Apple wants to be a player again in digital music. But I’m not convinced that its new Apple Music service makes much sense for most consumers or for the company itself.
The new subscription streaming service doesn’t offer much that consumers can’t already get elsewhere. For Apple, the new service doesn’t seem to promise either a profitable new business line or a sales boost for the company’s phones or tablets.
Which may make you wonder why Apple is even bothering.
Long expected, Apple Music was the final product the company announced at its annual WWDC developer conference Monday. Apple Music is similar to Spotify; consumers will have unlimited access to play any song in its catalog on demand for $10 a month. With the service, Apple will finally enter the subscription music market with its own service after long resisting it.
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Apple is seeking to distinguish the service from Spotify, which dominates the streaming music business, by focusing on artists and human-generated recommendations. Artists will be able to create pages on which they can share lyrics, unreleased songs and other items with their fans. Meanwhile, Apple Music will feature a live streaming radio service hosted by human DJs and playlists compiled in part by people rather than computer algorithms.
In a first for Apple, the company will make the Apple Music app available not only to users of iPads and iPhones, but also to owners of Android devices. Consumers will be able to sign up for a family account that will provide access to the service for up to six family members for $15 monthly; for families with more than three members, that’s a considerable discount over what they’d pay with Spotify.
The biggest potential draw for the service is that Apple is promising to provide subscribers access to the entire 30 million-song iTunes library. That could mean that users will be able to listen to artists that have never been available on Spotify, such as the Beatles and artists such as Taylor Swift who have recently abandoned Spotify to protest its practice of offering a free level of service.
But Apple Music has one big shortcoming for consumers and could have some significant other ones. The big one is that unlike Spotify, Apple isn’t going to offer users access to Apple Music for free beyond a three-month free trial period. Nor will users of Apple devices or subscribers to other services get any kind of discount.
Many consumers may not be interested in some of Apple Music’s key features. Beat 1, the new live radio service built into Apple Music, appears to be geared toward younger listeners. That may be fine if you like pop music, but if you like classic rock, country or classical, you likely won’t be tuning in.
It remains to be seen how much Apple Music subscribers or artists will use the new Connect artist pages. Apple’s last stab at integrating social networking into iTunes – dubbed Ping, remember that? – died a quiet death because neither users nor artists paid it much attention.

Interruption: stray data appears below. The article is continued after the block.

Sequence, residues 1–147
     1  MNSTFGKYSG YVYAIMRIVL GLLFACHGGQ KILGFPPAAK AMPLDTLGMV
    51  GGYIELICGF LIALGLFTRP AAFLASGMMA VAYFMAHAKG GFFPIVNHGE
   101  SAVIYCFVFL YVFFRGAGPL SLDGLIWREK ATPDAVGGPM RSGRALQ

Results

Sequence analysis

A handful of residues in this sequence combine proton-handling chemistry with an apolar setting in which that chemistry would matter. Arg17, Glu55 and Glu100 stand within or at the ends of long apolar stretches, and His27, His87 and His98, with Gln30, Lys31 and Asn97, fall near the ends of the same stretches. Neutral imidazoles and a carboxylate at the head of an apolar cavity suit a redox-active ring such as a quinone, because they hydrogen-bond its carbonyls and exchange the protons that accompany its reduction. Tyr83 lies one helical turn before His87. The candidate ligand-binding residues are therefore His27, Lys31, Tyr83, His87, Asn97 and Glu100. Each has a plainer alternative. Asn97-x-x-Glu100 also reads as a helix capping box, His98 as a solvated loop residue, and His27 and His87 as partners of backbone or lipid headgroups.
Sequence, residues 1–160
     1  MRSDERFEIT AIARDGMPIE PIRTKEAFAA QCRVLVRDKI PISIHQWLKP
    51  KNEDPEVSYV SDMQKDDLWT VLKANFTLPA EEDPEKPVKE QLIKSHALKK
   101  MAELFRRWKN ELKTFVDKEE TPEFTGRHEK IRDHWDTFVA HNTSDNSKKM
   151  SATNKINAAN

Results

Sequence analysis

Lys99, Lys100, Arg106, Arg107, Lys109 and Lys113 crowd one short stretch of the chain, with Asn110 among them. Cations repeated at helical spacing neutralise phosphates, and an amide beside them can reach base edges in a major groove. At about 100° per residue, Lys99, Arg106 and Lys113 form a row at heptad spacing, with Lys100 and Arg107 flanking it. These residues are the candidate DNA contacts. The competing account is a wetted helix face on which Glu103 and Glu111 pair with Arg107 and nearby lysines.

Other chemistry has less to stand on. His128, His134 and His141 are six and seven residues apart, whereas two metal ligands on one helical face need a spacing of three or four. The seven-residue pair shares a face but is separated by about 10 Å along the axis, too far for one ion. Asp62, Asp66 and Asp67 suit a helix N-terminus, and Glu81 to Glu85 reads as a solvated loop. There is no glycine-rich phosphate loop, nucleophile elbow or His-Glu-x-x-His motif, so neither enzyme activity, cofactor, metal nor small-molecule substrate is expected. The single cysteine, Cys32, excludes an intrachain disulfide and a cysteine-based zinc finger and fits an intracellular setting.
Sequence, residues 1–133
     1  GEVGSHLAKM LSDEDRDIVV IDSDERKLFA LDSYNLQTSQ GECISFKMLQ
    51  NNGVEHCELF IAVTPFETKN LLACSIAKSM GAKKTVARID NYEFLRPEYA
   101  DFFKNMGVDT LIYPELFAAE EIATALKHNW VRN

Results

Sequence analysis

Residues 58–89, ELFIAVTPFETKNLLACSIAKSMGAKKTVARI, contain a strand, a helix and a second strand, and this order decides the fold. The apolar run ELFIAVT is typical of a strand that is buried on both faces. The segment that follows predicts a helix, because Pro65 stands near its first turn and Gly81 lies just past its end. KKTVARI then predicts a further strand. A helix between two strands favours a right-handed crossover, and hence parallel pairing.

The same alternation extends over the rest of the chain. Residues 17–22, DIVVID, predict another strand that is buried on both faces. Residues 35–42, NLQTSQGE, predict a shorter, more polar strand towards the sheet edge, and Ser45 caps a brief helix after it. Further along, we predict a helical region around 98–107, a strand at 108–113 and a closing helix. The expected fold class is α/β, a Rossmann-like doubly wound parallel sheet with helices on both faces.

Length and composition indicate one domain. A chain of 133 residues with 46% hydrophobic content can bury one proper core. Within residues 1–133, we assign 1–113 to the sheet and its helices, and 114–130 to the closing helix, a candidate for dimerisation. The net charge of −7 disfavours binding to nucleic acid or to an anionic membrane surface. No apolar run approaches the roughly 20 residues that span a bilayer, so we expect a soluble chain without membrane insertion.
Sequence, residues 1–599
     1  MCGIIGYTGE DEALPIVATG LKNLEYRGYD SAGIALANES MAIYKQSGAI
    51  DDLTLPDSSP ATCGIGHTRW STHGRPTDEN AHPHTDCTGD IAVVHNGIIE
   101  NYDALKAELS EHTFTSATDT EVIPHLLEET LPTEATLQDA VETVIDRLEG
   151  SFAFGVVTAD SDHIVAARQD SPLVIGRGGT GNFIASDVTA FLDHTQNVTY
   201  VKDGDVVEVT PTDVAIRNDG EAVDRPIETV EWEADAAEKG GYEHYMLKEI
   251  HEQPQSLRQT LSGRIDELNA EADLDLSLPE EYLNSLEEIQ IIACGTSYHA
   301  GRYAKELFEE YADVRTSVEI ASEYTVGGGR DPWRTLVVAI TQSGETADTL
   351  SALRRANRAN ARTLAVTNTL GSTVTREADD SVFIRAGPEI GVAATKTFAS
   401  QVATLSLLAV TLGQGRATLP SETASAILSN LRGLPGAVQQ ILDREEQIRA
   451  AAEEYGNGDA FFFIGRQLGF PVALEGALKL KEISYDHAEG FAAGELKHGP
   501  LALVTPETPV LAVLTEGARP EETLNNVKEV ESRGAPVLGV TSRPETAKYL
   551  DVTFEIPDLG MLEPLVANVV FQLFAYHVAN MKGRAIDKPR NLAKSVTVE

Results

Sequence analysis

And Apple Music’s big advantage over Spotify with artists available through the service isn’t necessarily assured. According to a report in Bloomberg, Apple has signed up Swift, but not the Beatles and is still in negotiations with other artists and labels.
But even if the service isn’t a sure thing for consumers it’s got to be one for the company, right? Not really.
While a large and growing portion of the money consumers are spending on music is going toward subscription services, the major companies involved haven’t figured out how to turn a profit on the business. Spotify’s loss got bigger last year, despite burgeoning sales. The same is true for Pandora, the leader in streaming radio services.
Those economics aren’t likely to scare off Apple. Not only does the company have more than $100 billion in the bank, but it famously ran its iTunes Music Store at break even for years. It doesn’t have to make money on Apple Music to be successful.
But times have changed since Apple launched the iTunes Music Store. When that store launched, it was one of the only legitimate ways to buy digital music and the easiest way to get digital songs and albums onto one of the company’s iPods.
The company bet — correctly — that it could create a self-reinforcing model. The more music it sold through iTunes, the more iPods it would sell. And the more iPods it sold, the more music it would sell on iTunes.
The company has recreated that self-reinforcing model with its iPhones and iPads. But instead of music boosting device sales, it’s apps. The more apps available for iOS devices, the more iPhones Apple sells. And the more iPhones Apple sells, the more demand there is for apps.
In this world, music just isn’t that important anymore. Instead, it’s just one of many apps. If you want to listen to streaming music, you have plenty to choose from, including not only Pandora and Spotify, but Rhapsody and Rdio. From that perspective, the only thing special about Apple Music is that it will come preinstalled on iPhones and iPads.
That may be a convenience for consumers and an advantage for Apple Music, but there’s no reason to believe it’s going to help Apple sell any more phones or tablets than it would otherwise. Streaming music isn’t new on smartphones, and Apple Music doesn’t appear to be clearly better than its rivals. Even if it were, you won’t have to have an Apple device to experience it.
From where I’m sitting, Apple Music seems to be more an indulgence for the company’s music-loving executives than a compelling product for consumers or an important one for Apple’s bottom line.